Min, thanks for bringing these discussions over here because they are marvelous. This one may be the best yet for its stark, blatant contrast between, shall we say, myth and reality. (But which is which?
minniev wrote: Steven G Webb wrote:
minniev wrote:Thank you for pitching in, and we don't mind repetitious, 'cause you've probably got your own unique view!
The stark reality, sharply defined edges and contrast in Eggleston's photo run counter to the illusion most have of the holiday season. Yule tide is emotion more than equation and feeling more than fact. We like our movies chock full of special effects and CGI and we really don't want to see the wires, the chroma screens and animations though we can rationalize they are there.
Thank you! You're the first to bring up our infatuation with being coaxed into believing an illusion.Indeed, Currier and Ives perpetuates that sweet delusion, while Eggleston slaps us in the face with it.
All else aside, it may be germane to note that Currier and Ives don't have one single soul in that treacly scene wearily shoveling
Psjunkie wrote:... you know I don't know squat about art ...
From discussions like these I don't know that many of us do, but it makes me wonder if it would affect our work, and to what extent, better or worse? S-
I am inclined to think that the more we know and understand art the better photographers we are likely to be, regardless how we identify as photographers. I believe I am a documentary photographer, closely aligned with photojournalists on the one hand because I want it "real," but on the other hand pretty much not bothered by "'shopping" a picture to make it better (I hope) by willfully editing it. I like to capture reality, but prettier, not as far as Currier and Ives, but I am somewhat repelled by many of Eggleston's pictures, and at bottom I really dislike the one in the OP.
Charles Haacker wrote:My sentiments exactly, Frank! I did however go looking at more of Eggleston's stuff plus studious commentary so now (as usual) I am torn. Like you I don't know squat about art or much else for that matter, but I've said often that I have fairly eclectic tastes in many things. ....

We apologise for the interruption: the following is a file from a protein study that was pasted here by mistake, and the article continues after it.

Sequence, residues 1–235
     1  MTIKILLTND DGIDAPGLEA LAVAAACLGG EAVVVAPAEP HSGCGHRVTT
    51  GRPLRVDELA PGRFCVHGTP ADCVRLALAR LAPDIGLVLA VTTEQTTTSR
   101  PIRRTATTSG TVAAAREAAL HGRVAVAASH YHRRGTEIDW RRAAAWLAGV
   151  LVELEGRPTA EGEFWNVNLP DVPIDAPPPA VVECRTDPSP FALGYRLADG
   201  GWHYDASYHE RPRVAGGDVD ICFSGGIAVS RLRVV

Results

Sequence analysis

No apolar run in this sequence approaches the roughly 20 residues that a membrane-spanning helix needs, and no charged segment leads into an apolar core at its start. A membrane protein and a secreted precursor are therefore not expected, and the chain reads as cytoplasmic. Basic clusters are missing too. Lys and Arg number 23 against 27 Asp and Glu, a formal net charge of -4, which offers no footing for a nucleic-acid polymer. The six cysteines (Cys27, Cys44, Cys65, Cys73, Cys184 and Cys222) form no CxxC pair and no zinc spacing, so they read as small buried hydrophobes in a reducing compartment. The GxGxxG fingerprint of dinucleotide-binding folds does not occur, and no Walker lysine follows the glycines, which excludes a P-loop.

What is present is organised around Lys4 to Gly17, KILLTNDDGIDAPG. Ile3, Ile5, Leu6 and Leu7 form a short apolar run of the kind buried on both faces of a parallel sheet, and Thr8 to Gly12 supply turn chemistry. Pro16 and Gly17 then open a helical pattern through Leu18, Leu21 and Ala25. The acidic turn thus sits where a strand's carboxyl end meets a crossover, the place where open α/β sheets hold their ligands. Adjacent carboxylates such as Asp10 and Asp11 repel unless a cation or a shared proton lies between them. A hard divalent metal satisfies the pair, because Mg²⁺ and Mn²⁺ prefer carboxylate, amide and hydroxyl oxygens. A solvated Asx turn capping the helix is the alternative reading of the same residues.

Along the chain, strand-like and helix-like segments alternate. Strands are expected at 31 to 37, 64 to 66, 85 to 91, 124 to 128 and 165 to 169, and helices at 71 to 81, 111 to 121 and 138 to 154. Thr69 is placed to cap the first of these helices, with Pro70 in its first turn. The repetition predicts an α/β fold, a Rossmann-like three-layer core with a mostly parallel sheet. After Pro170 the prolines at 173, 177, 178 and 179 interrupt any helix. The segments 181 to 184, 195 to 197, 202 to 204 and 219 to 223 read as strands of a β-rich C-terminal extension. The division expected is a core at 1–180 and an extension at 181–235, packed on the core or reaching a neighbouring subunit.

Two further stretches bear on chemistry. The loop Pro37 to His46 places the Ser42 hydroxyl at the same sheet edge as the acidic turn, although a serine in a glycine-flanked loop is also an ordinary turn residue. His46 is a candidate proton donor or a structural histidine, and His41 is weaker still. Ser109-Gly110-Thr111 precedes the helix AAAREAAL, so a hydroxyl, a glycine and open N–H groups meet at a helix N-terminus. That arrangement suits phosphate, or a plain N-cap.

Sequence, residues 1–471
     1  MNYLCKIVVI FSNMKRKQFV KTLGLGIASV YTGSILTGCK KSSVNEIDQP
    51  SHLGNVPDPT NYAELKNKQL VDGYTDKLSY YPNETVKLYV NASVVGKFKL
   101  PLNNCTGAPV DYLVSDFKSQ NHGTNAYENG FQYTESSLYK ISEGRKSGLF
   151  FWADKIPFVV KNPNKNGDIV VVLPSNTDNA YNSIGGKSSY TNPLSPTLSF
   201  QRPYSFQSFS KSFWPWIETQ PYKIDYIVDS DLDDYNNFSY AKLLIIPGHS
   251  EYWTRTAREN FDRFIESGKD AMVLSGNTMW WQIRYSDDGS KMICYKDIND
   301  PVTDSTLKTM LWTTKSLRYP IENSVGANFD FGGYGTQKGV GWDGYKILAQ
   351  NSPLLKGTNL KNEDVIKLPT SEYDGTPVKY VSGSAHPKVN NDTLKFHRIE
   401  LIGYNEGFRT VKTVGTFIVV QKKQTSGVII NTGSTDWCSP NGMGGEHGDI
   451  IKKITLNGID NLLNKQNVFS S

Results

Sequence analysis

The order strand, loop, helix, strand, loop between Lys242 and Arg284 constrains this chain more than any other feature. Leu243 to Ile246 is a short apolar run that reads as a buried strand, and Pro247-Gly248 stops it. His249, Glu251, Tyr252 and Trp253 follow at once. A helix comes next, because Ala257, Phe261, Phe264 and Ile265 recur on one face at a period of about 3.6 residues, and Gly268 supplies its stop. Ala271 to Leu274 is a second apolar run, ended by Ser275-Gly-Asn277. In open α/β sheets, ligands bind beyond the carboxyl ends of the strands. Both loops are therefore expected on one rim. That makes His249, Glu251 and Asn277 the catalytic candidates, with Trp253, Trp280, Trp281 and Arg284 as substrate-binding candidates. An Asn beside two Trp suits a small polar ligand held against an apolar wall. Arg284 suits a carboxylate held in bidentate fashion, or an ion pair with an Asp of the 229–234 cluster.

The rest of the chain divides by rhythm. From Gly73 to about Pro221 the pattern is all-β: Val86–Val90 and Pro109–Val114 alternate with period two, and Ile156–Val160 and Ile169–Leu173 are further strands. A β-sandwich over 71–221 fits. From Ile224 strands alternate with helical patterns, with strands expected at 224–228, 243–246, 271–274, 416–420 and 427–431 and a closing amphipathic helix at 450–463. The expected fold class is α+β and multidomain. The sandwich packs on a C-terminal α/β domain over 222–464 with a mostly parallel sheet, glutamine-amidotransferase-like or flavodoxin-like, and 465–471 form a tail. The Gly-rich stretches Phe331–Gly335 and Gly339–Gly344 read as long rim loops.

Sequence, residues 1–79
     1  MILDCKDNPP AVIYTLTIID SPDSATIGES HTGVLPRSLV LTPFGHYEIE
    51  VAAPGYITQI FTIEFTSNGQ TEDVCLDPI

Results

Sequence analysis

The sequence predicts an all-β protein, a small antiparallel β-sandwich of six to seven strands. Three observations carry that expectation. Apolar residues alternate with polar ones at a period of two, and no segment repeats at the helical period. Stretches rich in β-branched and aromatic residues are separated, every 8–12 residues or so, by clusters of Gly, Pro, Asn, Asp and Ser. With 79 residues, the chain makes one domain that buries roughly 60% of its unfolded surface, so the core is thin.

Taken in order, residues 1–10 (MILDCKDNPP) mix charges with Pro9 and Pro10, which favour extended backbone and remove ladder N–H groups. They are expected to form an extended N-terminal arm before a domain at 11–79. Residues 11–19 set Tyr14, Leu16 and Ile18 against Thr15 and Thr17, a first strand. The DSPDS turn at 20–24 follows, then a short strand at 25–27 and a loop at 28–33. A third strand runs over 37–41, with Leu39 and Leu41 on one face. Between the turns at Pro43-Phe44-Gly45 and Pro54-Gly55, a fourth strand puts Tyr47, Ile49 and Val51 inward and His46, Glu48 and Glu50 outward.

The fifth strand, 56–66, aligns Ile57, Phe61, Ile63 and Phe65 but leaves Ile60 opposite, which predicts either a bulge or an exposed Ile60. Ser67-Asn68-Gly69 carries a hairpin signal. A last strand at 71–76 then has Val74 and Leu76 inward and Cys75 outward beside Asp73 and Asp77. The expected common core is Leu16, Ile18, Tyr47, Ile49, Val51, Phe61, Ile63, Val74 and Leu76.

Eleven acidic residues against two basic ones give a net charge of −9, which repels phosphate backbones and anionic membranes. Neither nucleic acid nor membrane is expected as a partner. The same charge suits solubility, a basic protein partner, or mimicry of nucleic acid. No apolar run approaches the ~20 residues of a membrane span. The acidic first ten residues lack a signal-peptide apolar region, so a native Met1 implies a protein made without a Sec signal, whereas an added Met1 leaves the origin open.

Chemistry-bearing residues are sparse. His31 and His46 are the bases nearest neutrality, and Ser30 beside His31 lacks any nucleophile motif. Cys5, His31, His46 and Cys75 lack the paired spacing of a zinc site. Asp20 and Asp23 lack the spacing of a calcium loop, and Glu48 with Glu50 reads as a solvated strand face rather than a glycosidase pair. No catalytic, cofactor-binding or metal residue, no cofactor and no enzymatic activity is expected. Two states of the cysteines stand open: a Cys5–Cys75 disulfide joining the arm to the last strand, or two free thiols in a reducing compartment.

I love that Frank is so straightforward, nothing to decipher there, and you are so elegant and rounded. If I had to guess I'd say you were brothers in another life!
You are right too to like so many different things, I went through a lot of phases with music and love pretty much everything I see in museums, but there are times I stand in front of something and think why did you waste the money printing this, let alone framing it, and it hangs in a gallery? Is this the kind where you pay to have your work shown and they take a profit IF you sell something? I have so much to learn, mostly why something so bad is thought of as so good. S-
Frank! Dude! Bro! (Thanks Steve but I am not at all elegant but you got the well-rounded part right: I can't see my toes much less touch them.)
But seriously, in both real and virtual galleries I too see things I cannot believe are even there, much less the pricetags, and woe betide if the artist is dead!
Charles Haacker wrote:... Reading it twice I more and more came to feel that he was putting us on and inwardly hilarious at his own joke. ...
I wonder it The Masters were arrogant or like Stephen King just looking for a way to get the voices out of their head? S-
I find myself often citing the parable of the unclothed emperor parading around in his undies, but then I have to remind myself (again) that I don't know nuthin' 'bout AAaaaart and the folks who supposedly do (are they posturing as well?) think that what I see as garbage they see as Great AAaaaart worth zillions. Is it? Could it be that the emperor is totally nude and no one wants to say so?
The thing is, I LIKE art, I have a creative bent or I wouldn't even be interested in photography or a lot of other things, but in my ignorance I sometimes wonder if someone is being scammed.
St3v3M wrote:Maybe that's how you play the game, take an image of something, anything, and throw it out there letting others decide what it means? S-
- Ah, I just had an idea!!!
If you notice, most all great photographers never explain their images.
Personally, I feel that if I have to explain one of my images, I failed somehow.
Oh, and by explanation I don't mean a description of location or date or other data driven information.
I have no problem with explaining. My work explores the relationship between Jungian archetypes and life as performance.
With influences as diverse as Kafka and L Ron Hubbard, new tensions are synthesised from both orderly and random discourse.
Ever since I was a kindergartner I have been fascinated by the theoretical limits of the universe. What starts out as hope soon becomes corrupted into a manifesto of defeat, leaving only a sense of nihilism and the chance of a new reality.
As temporal phenomena become distorted through studious and personal practice, the viewer is left with a tribute to the outposts of our condition.